Bee went on to explain that on the Thai side of the border the Government had really cleaned up the bad old systems and habits. But when it came to the Myanmar (Burmese) side, it was another story. There nothing was clear-cut, and the bad old ways that defied just about everything that modern countries were trying to achieve, were still more the norm than the exception.

When I hear stories like that I can never resist the urge to check them out. Would it be possible to cross over and see for myself? "Sure," said Bee, "I’d be happy to help organize a trip for you. But there is always a slight risk involved. If you get into any difficulties -- though that’s unlikely -- there’s no-one who can help you."

I had thought out the pros and cons, assessed the risks as I knew them, and decided to take a chance. Would Bee organize a guide and transportation? The next morning it was all set up. The stage had been set.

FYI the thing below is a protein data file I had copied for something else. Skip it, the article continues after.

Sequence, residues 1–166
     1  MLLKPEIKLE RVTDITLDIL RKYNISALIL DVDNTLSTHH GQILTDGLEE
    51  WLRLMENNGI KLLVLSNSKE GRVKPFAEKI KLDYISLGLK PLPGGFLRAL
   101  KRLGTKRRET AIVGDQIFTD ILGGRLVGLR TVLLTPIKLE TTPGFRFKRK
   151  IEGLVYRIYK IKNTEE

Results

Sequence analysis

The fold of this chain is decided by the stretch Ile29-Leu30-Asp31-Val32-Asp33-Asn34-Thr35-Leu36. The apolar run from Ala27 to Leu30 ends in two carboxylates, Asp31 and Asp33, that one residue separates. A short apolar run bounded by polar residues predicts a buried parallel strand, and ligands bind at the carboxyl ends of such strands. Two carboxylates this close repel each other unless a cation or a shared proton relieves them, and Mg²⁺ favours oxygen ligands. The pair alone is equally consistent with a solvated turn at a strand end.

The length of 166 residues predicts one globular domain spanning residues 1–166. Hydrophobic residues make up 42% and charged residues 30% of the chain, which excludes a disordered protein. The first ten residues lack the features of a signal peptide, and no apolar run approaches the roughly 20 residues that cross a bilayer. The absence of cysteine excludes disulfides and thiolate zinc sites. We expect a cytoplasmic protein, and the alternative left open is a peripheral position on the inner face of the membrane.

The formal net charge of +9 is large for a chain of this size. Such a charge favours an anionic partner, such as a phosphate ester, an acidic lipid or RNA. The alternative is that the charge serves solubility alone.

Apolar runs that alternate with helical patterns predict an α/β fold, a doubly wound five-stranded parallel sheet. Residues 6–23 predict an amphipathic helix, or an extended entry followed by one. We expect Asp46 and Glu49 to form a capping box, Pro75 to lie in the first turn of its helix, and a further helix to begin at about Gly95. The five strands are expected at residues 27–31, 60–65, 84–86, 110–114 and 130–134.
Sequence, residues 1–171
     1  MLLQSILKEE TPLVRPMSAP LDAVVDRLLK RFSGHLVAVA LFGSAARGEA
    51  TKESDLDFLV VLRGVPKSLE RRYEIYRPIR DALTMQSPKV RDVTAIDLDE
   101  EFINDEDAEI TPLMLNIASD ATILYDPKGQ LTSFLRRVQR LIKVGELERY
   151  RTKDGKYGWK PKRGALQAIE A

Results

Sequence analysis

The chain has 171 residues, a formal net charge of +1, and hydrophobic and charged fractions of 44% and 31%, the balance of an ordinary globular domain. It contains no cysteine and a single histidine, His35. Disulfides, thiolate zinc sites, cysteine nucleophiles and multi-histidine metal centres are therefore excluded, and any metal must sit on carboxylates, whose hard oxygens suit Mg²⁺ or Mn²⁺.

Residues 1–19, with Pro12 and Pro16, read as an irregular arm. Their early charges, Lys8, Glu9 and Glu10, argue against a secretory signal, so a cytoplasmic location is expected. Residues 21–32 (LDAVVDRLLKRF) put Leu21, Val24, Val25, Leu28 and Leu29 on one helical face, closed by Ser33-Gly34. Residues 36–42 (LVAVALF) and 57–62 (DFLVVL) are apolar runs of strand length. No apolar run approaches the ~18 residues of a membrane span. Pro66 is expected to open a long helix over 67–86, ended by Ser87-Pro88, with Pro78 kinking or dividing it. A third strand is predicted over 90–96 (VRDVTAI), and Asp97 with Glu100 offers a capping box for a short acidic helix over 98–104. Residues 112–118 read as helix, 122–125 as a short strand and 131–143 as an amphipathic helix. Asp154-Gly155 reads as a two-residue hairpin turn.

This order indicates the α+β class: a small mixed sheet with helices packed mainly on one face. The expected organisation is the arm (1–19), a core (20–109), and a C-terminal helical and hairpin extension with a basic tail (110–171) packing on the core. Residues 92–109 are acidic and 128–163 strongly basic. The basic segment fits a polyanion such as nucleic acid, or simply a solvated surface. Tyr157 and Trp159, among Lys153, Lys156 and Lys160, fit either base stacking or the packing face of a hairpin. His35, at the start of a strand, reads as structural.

The next morning finds Bee and ourselves in a 4-WD on the road heading for the Thai-Burmese border-town of Mae Sai. The road takes us past concentrations of apartments, stores and workshops.

As we approach the border crossing we see an ever-optimistic flotilla of pedi-cabs lined up at the end of the road waiting for customers. And also waiting for tourists is a gaggle of Thai children, dressed in colorful hill-tribe costumes, and cajoling money in exchange for posing for photographs. "They’re not really from the hill-tribes," Bee informs us. "They’re local children whose family have bought them these costumes to try and make a quick dollar."

The border point between the two countries is actually the middle of the bridge that straddles the polluted-looking brown river making its slow way down a gully beneath us. Two barriers made from iron piping carried a sign that reads "Welcome to Myanmar".

We approach a makeshift hut in which two lethargic soldiers slouch in their chairs, deeply engrossed in conversation. Five minutes later they are finished and now charge us just US$10 for a one-day border-pass into the People’s Republic of Myanmar. Bee mutters that this will be sufficient time to explore the small border town called Tachilek, lying a short walk from the river.